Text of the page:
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Taking another look at ‘The December Dilemma’

I have a little confession to make: I’ve never been a big fan of Christmas. My wife gets a lot of enjoyment out of listening to the music and looking at the lights, but to me it’s always felt like someone else’s culture being shoved down my throat for a month. And then there’s having to call school musical directors to convince them to include something other than Christmas songs in the “Winter Concert” (hah!). I have basically grimaced and (barely) tolerated the month of December for most of my life.

When I was growing up, most of the Jewish kids I knew had two Jewish parents, and Christmas felt like a threat, like we were being proselytized by the majority culture. It felt like the boundary between us and Christmas had to be kept strong lest the shiny bauble threaten our Jewish identity.

Lately I’ve been rethinking this — a little. Nowadays most of the Jewish kids I know have one Jewish parent, and expecting these families to keep Christmas out doesn’t seem realistic, given that they almost certainly have close family (grandparents, cousins, even mom or dad) that celebrate it. Asking them to keep Christmas out is only going to teach them that “Judaism” asks for something they can’t (and wouldn’t even really want to) give.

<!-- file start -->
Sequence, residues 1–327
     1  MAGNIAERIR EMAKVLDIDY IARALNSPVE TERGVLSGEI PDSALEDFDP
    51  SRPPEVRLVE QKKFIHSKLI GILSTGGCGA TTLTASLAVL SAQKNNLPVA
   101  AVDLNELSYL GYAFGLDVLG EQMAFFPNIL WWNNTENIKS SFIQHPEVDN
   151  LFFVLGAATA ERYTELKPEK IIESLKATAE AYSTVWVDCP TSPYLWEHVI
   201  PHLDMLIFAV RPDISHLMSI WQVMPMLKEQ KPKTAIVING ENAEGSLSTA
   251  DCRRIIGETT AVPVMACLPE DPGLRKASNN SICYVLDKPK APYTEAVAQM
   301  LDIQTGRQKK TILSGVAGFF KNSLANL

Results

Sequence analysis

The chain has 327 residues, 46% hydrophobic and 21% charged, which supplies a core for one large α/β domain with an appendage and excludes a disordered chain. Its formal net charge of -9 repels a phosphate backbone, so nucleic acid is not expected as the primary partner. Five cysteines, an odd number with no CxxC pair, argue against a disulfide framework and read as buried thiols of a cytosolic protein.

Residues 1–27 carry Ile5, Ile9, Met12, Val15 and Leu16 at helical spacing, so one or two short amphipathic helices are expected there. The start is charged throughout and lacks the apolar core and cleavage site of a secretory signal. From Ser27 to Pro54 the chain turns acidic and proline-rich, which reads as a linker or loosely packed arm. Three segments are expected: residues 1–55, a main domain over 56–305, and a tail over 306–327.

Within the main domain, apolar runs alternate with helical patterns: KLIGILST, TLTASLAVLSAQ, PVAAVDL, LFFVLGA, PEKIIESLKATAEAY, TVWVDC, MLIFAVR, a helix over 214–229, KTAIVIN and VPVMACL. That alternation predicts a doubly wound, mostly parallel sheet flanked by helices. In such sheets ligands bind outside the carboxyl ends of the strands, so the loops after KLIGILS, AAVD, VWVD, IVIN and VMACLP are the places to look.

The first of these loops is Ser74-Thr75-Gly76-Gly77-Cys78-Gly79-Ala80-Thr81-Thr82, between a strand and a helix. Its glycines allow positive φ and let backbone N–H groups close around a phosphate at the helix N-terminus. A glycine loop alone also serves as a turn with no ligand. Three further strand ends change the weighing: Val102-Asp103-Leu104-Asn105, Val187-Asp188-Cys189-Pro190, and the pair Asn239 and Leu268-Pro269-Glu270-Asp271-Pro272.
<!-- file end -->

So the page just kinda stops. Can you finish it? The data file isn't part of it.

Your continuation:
I’ve also come to realize that my attitude toward Christmas reflected a rather paranoid view of the standing of Jewish people in this country. Today, I’m very comfortable with America’s acceptance of Jews; with some exceptions, most problems are of misunderstanding rather than malice. The fact that people are aware enough about the issues that they’re willing to say “Happy Holidays” so as not to alienate us is actually pretty awesome. And let’s face it, Christmas has been so thoroughly secularized that if it proselytizes anything, it’s consumer culture rather than Christianity.

Today I think that it isn’t really up to the majority culture to undersell its big holiday — although like I say, I appreciate the realization that not everybody celebrates Christmas. Rather, it’s up to us to make our Jewish life compelling enough so that it satisfies our (and our kids’) needs for meaning and connection. If we do that, than Christmas doesn’t pose any kind of threat, if it ever did. And if we don’t do that, then Christmas isn’t the problem.

We live in a multi-hued, multicultural society, with all kinds of people in it. That’s true in our schools, in our neighborhoods, even in our own homes. Just as we would like our friends and neighbors to respect and even enjoy our holidays and customs, so we should respect and enjoy theirs. A strong sense of Jewish identity, and what that means and what it offers, is the basis from which we explore and enjoy the world. Including Christmas.

And let’s face it, the lights are pretty neat.